Site investigations for Goose Lake began in 1997 naming Rayonier as the potentially liable party (PLP) responsible for funding the site cleanup. KMAS received comment, separate of the City meeting, from Russell Schweiss, Rayonier’s Director of Corporate Communications, stating “Rayonier is committed to meeting our environmental obligations at the Goose Lake site and completing the clean-up there in accordance with State law. Rayonier has followed the process laid out by the state to this point and are currently awaiting review and approval of our investigation report that was submitted to the state in July 2012. Upon approval, Rayonier will then be able to begin evaluating remedial alternatives and move forward with the clean up process.”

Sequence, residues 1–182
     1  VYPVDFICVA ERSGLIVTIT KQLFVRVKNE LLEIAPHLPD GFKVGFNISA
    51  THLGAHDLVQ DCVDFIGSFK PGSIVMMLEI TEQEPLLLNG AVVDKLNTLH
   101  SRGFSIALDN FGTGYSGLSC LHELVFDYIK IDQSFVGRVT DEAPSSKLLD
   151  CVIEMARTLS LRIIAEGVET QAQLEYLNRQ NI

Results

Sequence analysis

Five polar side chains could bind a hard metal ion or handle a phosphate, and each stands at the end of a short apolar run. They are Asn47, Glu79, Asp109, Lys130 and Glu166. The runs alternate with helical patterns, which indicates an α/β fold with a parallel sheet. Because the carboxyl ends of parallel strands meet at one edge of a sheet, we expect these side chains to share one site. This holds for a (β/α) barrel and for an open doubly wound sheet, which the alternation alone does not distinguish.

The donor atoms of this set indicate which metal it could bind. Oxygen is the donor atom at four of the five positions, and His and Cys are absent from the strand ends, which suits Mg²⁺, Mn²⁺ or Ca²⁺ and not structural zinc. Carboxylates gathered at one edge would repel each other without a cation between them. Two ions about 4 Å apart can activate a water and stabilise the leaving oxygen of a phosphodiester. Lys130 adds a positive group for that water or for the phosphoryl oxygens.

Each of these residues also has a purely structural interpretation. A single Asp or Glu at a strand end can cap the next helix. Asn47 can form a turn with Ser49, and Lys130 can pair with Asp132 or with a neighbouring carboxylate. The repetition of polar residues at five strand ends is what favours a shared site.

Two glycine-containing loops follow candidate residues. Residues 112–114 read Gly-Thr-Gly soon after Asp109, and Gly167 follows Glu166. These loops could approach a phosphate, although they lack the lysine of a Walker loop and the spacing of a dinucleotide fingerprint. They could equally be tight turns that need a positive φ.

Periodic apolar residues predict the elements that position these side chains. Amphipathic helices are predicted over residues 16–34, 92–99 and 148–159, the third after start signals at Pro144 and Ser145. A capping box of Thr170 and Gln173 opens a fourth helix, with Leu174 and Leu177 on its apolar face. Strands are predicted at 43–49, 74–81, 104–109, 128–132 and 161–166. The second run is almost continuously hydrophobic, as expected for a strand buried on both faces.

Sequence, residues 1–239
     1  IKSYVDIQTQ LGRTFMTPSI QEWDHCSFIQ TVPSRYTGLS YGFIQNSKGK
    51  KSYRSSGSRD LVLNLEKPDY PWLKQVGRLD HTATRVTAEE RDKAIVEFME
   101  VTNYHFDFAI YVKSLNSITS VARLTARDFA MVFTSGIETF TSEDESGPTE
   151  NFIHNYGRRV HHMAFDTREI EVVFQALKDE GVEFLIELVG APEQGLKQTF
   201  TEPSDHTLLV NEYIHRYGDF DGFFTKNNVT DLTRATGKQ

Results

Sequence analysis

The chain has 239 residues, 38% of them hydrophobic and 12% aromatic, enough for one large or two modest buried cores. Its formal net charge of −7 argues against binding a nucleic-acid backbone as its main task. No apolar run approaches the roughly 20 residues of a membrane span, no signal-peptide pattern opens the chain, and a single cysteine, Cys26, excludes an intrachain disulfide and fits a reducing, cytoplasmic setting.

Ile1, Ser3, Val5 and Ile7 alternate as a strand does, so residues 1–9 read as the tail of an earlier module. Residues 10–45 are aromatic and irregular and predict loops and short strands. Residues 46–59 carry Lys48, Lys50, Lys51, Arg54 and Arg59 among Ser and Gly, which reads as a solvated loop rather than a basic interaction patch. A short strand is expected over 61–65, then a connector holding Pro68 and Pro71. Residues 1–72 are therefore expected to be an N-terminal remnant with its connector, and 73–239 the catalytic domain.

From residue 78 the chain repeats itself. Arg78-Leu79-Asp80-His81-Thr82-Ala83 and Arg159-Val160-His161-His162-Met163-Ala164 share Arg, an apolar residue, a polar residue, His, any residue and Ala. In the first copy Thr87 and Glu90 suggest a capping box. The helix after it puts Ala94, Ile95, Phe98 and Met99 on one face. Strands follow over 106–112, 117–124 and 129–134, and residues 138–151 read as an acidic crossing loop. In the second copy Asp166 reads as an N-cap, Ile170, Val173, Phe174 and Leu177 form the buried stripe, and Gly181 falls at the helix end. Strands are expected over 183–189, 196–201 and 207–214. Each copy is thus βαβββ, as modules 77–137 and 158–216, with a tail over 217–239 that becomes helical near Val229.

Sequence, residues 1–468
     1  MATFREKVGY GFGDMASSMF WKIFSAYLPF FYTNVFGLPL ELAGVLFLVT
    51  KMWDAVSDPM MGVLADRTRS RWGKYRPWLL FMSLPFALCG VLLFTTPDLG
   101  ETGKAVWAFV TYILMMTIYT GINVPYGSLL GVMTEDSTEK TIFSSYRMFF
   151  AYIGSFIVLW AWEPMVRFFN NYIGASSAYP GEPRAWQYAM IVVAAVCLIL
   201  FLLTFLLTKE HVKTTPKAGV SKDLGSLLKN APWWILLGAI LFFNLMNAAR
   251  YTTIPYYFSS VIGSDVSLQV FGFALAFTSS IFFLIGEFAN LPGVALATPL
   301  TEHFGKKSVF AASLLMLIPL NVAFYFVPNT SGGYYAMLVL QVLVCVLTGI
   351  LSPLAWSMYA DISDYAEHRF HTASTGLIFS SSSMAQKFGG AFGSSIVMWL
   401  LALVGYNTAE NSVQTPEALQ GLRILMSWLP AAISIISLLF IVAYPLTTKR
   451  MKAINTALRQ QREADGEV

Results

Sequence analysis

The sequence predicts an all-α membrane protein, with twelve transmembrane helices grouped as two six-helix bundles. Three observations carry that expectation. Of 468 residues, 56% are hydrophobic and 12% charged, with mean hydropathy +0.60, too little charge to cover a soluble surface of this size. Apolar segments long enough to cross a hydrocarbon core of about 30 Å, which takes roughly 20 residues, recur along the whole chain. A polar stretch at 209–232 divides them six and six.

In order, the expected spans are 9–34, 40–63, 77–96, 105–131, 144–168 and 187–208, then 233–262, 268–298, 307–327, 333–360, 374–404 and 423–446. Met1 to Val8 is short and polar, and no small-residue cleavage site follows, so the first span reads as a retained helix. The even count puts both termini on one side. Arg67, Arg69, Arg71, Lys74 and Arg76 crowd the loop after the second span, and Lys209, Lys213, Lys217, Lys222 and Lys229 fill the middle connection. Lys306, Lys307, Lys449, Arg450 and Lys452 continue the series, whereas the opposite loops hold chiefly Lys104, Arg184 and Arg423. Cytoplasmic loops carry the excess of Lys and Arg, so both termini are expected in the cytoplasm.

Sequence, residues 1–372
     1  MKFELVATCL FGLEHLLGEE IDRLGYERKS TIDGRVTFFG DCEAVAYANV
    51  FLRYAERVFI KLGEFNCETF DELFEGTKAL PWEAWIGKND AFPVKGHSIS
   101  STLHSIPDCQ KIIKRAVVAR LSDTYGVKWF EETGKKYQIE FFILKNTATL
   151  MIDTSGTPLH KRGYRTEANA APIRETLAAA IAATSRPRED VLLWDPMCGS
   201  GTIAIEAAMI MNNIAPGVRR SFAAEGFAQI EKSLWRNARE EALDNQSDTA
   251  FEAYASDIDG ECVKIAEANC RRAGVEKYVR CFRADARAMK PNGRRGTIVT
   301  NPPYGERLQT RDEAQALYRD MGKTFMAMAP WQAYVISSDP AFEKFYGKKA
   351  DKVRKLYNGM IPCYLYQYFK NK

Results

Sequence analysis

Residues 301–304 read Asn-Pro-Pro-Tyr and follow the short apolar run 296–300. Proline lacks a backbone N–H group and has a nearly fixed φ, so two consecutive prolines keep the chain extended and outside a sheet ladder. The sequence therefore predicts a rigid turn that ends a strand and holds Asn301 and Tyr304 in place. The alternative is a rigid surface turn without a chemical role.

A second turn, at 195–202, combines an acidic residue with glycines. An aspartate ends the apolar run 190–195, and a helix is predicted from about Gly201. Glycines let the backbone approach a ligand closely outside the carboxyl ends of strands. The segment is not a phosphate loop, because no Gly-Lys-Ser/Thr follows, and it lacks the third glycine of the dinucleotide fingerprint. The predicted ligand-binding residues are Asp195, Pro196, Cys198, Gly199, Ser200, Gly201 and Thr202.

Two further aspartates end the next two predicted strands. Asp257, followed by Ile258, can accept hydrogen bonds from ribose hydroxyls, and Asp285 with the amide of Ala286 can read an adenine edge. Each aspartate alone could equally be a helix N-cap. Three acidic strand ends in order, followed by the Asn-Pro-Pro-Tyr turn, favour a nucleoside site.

Brandon Farrell, Project Manager of the Shelton Springs Project and VP of Hall Equities Northwest Region did not make comment.
Community Development Director Steve Goins identified the three basic steps necessary to designate a Planned Action Project:
- Prepare an EIS (Environmental Impact Statement) designating a planned action project by Ordinance. (done)
- Review future permit applications to determine the project is consistent with the designated planned action. Considerations of the Planned Action Ordinance the City Commission will consider:
- The probable significant adverse environmental impacts of the Shelton Hills project and mitigation measures for these impacts, and adopting the entire FEIS (Future Environmental Impact Statement) and incorporating it by reference in the Ordinance.